Testing, Testing, Testing

It’s not just ‘the’ test .. the one that confirms whether you have the virus (‘tested positive’) or not (‘tested negative’).

I started this thought in No Magic Bullet .. six days ago (sheesh .. has it only been six daze?) .. let’s work through it.

It gets pretty granular:

  • Diagnostic Test: Referred to, above. It is a Point in Time test, ideally, performed often (before or after encounters, activities, going outside and so on). It gives you a positive or negative result only at that point in time. Technically, you’d have to re-test any time you changed places (work to home to the grocery store to anywhere), encountered someone new (or someone you encounter regularly encounters someone new), etc., etc. The most common use today is to test healthcare workers prior to their shifts. It’s not really practical for the rest of us. While reliable, the risk of the time between exposure to incubation (and therefore, detection) is still unknown.
  • Antibody test: This is for the “The Resolved“. Those who have contracted the virus and survived it. Far fewer of these folks out there, but knowing who has recovered opens possibilities. These folks can provide a serum containing their antibodies and / or potentially be immune and return to work. Questions still exist: if they’re truly immune, or if they can shed virus if they’re further exposed, and so on.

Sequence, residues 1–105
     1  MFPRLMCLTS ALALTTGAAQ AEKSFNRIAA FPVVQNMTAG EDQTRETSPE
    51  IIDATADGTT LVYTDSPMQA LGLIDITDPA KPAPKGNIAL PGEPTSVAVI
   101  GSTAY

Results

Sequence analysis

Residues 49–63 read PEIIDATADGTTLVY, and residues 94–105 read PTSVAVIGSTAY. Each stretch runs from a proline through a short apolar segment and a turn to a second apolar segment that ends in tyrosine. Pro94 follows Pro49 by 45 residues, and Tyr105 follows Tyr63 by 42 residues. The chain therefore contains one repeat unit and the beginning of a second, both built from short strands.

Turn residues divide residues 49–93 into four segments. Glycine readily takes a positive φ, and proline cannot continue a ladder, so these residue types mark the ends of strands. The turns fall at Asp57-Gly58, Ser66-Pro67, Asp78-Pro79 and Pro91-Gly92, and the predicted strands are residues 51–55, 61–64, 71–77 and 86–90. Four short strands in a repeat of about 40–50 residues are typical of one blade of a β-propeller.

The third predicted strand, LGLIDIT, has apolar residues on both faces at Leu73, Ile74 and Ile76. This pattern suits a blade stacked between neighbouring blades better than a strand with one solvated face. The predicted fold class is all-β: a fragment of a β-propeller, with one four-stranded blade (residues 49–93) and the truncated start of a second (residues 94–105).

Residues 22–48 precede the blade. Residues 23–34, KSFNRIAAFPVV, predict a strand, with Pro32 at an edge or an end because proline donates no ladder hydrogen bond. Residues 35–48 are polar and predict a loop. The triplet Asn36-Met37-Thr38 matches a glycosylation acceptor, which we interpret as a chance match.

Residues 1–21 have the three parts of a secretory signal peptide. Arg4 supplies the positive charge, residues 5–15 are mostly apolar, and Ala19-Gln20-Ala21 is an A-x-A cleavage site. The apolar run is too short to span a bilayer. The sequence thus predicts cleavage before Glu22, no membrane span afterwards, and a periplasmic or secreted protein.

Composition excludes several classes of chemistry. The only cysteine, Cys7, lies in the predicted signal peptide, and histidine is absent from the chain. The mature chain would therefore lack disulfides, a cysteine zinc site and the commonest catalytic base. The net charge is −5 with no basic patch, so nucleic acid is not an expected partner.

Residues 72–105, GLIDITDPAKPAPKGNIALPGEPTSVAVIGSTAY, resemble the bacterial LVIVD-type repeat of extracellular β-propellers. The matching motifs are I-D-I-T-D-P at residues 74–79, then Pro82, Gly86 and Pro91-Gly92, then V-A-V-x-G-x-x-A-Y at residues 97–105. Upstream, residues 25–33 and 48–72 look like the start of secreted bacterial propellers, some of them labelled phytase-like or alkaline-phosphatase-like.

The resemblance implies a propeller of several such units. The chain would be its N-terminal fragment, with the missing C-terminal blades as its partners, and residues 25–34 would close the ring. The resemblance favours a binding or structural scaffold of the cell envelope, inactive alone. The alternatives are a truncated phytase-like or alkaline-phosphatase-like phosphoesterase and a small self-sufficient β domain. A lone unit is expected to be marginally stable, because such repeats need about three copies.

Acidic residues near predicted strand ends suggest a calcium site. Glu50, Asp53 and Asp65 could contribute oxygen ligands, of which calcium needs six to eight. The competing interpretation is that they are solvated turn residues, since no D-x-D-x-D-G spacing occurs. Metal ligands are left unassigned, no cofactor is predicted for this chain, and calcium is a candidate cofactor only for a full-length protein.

• Broader tests .. tests everywhere, even for those who are not showing symptoms.

The bits above give us optics into our actual status, giving us a larger denominator when calculating mortality, providing more granular geographical and demographic data, and more.

Testing (testing and testing) is the key to considering how we can get from the ‘new normal’ of WFH (now) to the ‘newer normal’, where therapy encourages recovery, creating more Resolved, and the Resolved enable businesses to safely consider non-WFH operations.

For now, we continue physical distancing. We’ve done well with this (so says the news), but we must continue.

Stay connected. Stay safe. Stay home.

About Michael Coates
I am a pragmatic evangelist. The products, services and solutions I write about fulfill real-world expectations and use cases. I stay up-to-date on real products I use and review, and share my thoughts here. I apply the same lens when designing an architecture, product or when writing papers. I am always looking for ways that technology can create or enhance a business opportunity .. not just technology for technology's sake. My CV says: Seasoned technology executive, leveraging years of experience with enterprise and integration architectural patterns, executed with healthy doses of business acumen and pragmatism. That's me. My web site says: Technology innovations provide a myriad of opportunities for businesses. That said, having the "latest and greatest" for its own sake isn't always a recipe for success. Business successes gained through exploiting innovation relies on analysis of how the new features will enhance your business followed by effective implementation. Goals vary far and wide: streamlining operations, improving customer experience, extending brand, and many more. In all cases, you must identify and collect the metrics you can apply to measure your success. Analysis must be holistic and balanced: business and operational needs must be considered when capitalizing on a new technology asset or opportunity.

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